In fact, the entire novel is about anticipation. The empire is on a verge of change, and therefore in the chaotic stage where the old order is not respected enough and a new order is not formed yet. This abatement is very beautifully played out by Roth, may be because he felt this abeyance throughout his life after his exile from Austria.
There is so much in the book that makes it a superior work. There is the experience of an empire felt through personal pain, there is a presence of many powerful characters (Dr. Demant the best of them, whose death makes the meaninglessness of times even more pronounced), there is the haunting and helpless presence of the Kaiser in every place, there is a conflict of generations and those of thoughts, there is love, and honour and most underlined - there is death. Mostly meaningless and unheroic, which is not a mean achievement in an epic novel. For isn't every death in a novel about an empire supposed to be a death of honor and valor? And the fact there is no explanation for the decadence of the empire, except the expression of the widespread bias in minor incidents- against Jews, Slavs, Hungarians and everyone else....more
The theme of a wandering man is central to many of Hamsun's characters, so it is perhaps only fitting that a book comprising of two of his writings beThe theme of a wandering man is central to many of Hamsun's characters, so it is perhaps only fitting that a book comprising of two of his writings be called The Wanderers. The cover contains two inter-twined Hamsun writings: Under the Autumn Star and Wanderer plays on muted strings, the latter a sequel to the first - and is a close but stale reflection of Hamsun's themes and moods, perhaps even a reflection of some of his own experiences In the former, the wanderer Knut Pedersen leaves behind his city life with the romantic fantasy of leading a simple village life. He begins to do odd jobs on farms, but finds his heart often interfering with his idea of simplicity as he falls in love with the women of the house. His adopted simplicity is not able to lure him into settling down on a farm with one of the maids as his simpleton companion does. Like most of Hamsun's heroes, he hangs in abeyance in a feverish passion, that works to depress and exalt him alternatively, but also always keeps him on his feet. He is the confused man who does not know what he wants - whether it is the affections of one lady or the other, or merely a life in the woods. It is, in a way comical to read of his mild frustrations, because he seems to be oriented towards what he apparently escaped from while escaping the city. It is also comical because these are the confusions of a real person, whose element is inconsistency and not a singular approach to life which seems to be the characteristic of most other protagonists. In On Muted strings, Pedersen, six years later, returns to one of the farms where he had worked during his earlier wanderings. And if there is a word that can describe the emotion of this narrative, it is the well chosen word in the title - muted. This hero is certainly different from Hamsun's other heroes, he is a quietened, withdrawn soul in contrast to the earlier restless character. There is that lack of the characteristic fervor, although still retaining his element of estrangement and frivolity. He is more a narrator now than the protagonist - as he observes the life of the landowners, which are portrayed in shades of decadence. Though I think he tries to refrain from it, Hamsun does pass his negative reflections on alcoholism and infidelity in his commentary, something that trivializes him a bit in my opinion. Though I do not expect an author to be an unbiased observer, I think he could keep well above the station of passing moral judgements. I recently chanced upon a more detailed commentary on these characters which I found quite appropriate:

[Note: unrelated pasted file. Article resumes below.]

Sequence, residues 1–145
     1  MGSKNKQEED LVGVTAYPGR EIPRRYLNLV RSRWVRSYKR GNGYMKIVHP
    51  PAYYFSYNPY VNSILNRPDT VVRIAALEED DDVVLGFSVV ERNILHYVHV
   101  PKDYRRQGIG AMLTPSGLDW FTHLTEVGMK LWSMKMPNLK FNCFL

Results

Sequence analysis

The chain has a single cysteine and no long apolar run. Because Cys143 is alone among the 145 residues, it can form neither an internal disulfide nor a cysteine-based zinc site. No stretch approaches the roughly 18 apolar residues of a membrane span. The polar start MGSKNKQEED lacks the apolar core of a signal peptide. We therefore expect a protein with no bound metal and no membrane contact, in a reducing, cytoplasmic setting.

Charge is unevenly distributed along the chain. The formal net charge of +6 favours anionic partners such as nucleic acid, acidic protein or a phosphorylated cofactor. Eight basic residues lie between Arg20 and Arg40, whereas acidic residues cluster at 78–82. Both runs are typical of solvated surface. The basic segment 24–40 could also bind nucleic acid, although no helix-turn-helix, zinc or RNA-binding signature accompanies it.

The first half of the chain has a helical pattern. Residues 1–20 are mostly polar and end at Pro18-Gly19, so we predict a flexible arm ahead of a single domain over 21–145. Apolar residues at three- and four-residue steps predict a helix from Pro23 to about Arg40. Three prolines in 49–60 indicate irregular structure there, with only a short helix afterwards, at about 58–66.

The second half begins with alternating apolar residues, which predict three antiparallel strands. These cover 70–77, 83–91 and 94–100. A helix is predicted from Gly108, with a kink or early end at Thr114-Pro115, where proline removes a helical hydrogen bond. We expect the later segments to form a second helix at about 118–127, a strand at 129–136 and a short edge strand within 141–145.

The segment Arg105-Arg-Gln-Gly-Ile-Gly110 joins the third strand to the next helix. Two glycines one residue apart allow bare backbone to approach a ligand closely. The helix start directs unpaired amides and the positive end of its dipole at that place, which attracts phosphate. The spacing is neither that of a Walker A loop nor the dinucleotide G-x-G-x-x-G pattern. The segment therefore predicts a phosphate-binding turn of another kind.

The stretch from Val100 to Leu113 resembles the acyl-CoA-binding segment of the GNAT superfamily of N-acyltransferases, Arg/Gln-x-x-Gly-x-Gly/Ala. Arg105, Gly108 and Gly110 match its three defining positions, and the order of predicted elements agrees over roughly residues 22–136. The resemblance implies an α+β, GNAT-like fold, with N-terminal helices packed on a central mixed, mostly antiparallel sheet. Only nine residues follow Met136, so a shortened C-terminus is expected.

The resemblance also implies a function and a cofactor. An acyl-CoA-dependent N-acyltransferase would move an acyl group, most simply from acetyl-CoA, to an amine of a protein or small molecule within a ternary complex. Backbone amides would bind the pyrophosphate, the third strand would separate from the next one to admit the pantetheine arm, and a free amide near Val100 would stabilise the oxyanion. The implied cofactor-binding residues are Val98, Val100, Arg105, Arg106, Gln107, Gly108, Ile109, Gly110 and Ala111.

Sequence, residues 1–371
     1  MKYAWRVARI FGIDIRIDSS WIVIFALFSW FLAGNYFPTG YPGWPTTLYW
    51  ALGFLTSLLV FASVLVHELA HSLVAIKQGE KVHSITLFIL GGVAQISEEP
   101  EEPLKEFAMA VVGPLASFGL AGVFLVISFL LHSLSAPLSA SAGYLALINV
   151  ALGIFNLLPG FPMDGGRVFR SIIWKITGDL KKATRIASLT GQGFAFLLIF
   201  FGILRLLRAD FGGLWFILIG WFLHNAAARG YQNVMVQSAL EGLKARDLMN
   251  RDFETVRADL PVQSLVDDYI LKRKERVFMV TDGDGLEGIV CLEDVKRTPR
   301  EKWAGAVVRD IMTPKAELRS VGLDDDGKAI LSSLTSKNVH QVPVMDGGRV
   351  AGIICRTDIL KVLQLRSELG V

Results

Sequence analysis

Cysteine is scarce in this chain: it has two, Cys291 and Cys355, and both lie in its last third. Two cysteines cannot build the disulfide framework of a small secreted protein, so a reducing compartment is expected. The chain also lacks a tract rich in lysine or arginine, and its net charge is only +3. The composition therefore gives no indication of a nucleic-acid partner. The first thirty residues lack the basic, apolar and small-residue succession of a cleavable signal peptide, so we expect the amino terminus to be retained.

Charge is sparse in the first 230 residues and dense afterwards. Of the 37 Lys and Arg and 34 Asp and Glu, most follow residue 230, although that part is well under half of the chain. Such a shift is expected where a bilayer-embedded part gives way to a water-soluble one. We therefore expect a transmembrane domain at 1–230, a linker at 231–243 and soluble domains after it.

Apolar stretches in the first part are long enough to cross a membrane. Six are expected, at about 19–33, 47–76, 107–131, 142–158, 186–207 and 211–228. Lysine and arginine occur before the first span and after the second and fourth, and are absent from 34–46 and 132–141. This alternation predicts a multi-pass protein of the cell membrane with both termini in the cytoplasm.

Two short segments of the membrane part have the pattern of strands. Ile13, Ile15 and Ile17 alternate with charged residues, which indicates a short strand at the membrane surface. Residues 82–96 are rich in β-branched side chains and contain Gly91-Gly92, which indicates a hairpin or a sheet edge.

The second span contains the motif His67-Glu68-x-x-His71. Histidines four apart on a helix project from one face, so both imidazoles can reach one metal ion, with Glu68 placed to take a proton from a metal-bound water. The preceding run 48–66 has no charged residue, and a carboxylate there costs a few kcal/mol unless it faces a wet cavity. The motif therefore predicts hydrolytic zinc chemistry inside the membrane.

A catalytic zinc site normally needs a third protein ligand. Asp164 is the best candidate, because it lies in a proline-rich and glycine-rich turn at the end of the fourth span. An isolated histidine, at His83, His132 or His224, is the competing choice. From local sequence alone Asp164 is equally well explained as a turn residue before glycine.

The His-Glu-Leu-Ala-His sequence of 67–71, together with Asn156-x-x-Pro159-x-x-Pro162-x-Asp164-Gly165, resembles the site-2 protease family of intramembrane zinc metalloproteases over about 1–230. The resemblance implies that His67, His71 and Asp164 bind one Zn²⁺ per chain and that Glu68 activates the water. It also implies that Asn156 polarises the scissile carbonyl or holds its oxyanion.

Fictional heroes who are estranged from their environment seldom emerge lifelike. With most writers, such heroes are mere shadows, or, at best, symbols. But Hamsun is able to portray both the environment and the alienation, the soil and the extirpation. His heroes have roots even though they cannot be seen. The reader never knows precisely how they have become what they are, but their existence is real all the same. Hamsun’s favourite hero is a young man in his late twenties or early thirties, rash, good-natured, with no plans for the future, always anticipating some happy chance, yet at the same time resigned and melancholy. Hamsun’s hero is frivolous in word and deed. He speaks to people as he would to a dog or to himself.
Perhaps this work does not quite compare to Hunger or Mysteries, and is only a slighted shadow of these, but it is a very good read, describing a real man and his romantic fantasies of a simple village life, and of a lot of other romantic notions. The translation by Oliver and Gunnvor Stallybrass is excellent. ...more